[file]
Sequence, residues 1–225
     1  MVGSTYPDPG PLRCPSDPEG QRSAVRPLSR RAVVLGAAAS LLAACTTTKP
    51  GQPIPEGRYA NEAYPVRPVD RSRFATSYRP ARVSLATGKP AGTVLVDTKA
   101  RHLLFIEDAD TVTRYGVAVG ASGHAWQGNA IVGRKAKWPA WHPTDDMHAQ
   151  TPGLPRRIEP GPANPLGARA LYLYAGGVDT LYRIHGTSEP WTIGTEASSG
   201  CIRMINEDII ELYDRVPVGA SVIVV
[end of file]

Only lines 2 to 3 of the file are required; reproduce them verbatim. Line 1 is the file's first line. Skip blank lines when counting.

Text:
     1  MVGSTYPDPG PLRCPSDPEG QRSAVRPLSR RAVVLGAAAS LLAACTTTKP
    51  GQPIPEGRYA NEAYPVRPVD RSRFATSYRP ARVSLATGKP AGTVLVDTKA